Russian President Putin. Photo: Mikhail Svetlov / Getty Images

In a series of interviews with Russian state television, detailed by the AP, Russian President Vladimir Putin showered President Trump in compliments, calling him a "great communicator" and noting he "made a very good impression on me."

Yes, but: Putin said the U.S. political system is a different story.

"[The U.S. political system] has demonstrated its inefficiency and has been eating itself up... It’s quite difficult to interact with such a system, because it’s unpredictable."
— Russian President Vladimir Putin on Wednesday

Highlights:

  • The rift between Russia and the West: "We are a great power, and no one likes competition," said Putin. He later added, “Those who serve us with poison will eventually swallow it and poison themselves."
  • Russia's growing power: "If we play strongly with weak cards, it means the others are just poor players, they aren’t as strong as it seemed, they must be lacking something.”
  • Russia's expanding nuclear arsenal: “If someone makes a decision to destroy Russia, then we have a legitimate right to respond... Yes, it will mean a global catastrophe for mankind, for the entire world. But as a citizen of Russia and the head of Russian state I would ask: What is such a world for, if there were no Russia?”

Go deeper

Updated 49 mins ago - Politics & Policy

Coronavirus dashboard

Illustration: Sarah Grillo/Axios

  1. Global: Total confirmed cases as of 4:15 p.m. ET: 32,673,978 — Total deaths: 990,738 — Total recoveries: 22,535,056Map.
  2. U.S.: Total confirmed cases as of 4:15 p.m. ET: 7,065,019 — Total deaths: 204,249 — Total recoveries: 2,727,335 — Total tests: 99,488,275Map.
  3. States: New York daily cases top 1,000 for first time since June — U.S. reports over 55,000 new coronavirus cases.
  4. Health: The long-term pain of the mental health pandemicFewer than 10% of Americans have coronavirus antibodies.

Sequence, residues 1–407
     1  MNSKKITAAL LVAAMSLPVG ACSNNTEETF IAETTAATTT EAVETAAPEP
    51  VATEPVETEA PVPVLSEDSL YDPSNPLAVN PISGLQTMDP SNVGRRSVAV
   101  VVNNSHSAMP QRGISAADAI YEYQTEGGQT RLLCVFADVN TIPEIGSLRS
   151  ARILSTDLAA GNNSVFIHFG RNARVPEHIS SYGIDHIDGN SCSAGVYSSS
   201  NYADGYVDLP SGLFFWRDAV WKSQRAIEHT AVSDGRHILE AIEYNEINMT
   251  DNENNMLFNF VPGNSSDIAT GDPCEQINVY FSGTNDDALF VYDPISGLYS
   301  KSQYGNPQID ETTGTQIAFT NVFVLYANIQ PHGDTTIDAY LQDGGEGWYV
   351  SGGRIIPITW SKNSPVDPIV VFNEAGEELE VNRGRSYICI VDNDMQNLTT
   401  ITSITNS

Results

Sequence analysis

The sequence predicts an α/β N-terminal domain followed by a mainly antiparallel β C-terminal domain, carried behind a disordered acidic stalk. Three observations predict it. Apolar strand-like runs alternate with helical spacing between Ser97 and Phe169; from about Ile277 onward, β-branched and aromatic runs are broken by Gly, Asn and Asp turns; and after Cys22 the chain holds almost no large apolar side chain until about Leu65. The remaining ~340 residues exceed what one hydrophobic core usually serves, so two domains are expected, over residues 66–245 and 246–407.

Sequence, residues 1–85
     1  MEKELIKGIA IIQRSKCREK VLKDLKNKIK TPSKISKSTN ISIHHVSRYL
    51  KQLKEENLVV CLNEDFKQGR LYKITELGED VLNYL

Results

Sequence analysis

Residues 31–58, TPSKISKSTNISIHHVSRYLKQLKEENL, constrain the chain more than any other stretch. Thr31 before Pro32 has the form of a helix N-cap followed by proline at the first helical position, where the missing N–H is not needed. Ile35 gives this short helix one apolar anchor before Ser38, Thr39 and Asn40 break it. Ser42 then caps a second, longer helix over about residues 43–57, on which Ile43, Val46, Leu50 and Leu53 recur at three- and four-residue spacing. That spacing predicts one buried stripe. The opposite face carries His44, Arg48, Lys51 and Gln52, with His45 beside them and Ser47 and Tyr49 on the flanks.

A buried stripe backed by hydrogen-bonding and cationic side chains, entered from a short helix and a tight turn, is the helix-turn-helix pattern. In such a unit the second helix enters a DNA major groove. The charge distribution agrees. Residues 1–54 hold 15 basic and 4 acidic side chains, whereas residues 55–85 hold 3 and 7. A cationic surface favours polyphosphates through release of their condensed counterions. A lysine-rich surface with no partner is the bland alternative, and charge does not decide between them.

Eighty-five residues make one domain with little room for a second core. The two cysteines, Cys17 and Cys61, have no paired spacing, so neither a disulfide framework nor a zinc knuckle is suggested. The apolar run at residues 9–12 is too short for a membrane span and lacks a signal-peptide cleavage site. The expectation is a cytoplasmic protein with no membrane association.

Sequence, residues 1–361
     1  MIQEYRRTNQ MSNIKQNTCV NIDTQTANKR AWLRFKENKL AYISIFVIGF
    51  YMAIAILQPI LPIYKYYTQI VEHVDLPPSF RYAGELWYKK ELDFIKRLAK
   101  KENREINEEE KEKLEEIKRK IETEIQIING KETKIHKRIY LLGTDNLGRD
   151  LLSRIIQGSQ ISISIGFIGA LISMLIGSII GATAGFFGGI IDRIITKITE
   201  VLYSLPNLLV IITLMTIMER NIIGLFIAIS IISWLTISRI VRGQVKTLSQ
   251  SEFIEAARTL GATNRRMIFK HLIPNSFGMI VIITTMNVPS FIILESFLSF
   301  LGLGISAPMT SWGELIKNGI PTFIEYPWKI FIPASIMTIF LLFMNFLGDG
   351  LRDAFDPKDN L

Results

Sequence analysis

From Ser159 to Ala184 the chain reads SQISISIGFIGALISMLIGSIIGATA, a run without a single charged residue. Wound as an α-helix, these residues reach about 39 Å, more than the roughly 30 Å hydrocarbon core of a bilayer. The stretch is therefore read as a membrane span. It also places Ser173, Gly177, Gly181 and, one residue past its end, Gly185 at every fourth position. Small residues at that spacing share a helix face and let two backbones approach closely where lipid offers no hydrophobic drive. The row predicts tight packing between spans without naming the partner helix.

5. Business: Millions start new businesses in time of coronavirus.
  6. Education: Summer college enrollment offers a glimpse of COVID-19's effect.

Confirmation hearings for Supreme Court nominee set to start Oct. 12

Sen. Lindsey Graham, chair of the Senate Judiciary Committee, on Sept. 24. Photo: Jabin Botsford/The Washington Post via Getty Images

Senate Judiciary Committee hearings for President Trump’s Supreme Court nominee are tentatively scheduled to begin Oct. 12, two Senate sources familiar with the plans told Axios.

Why it matters: The committee's current schedule could allow Senate Republicans to confirm the nominee weeks before November's election. Senate Majority Leader Mitch McConnell currently has enough votes to confirm Circuit Court Judge Amy Coney Barrett, who is expected as the president's pick.

Dave Lawler, author of World
2 hours ago - World

A hinge moment for America's role in the world

Photo illustration: Aïda Amer/Axios. Getty Images photo: Saul Loeb/AFP

The world may be living through the last gasps of America First — or just getting a taste of what's to come.

Why it matters: President Trump's message at this week's virtual UN General Assembly was short and relatively simple: global institutions like the World Health Organization are weak and beholden to China; international agreements like the Iran deal or Paris climate accord are "one-sided"; and the U.S. has accomplished more by going its own way.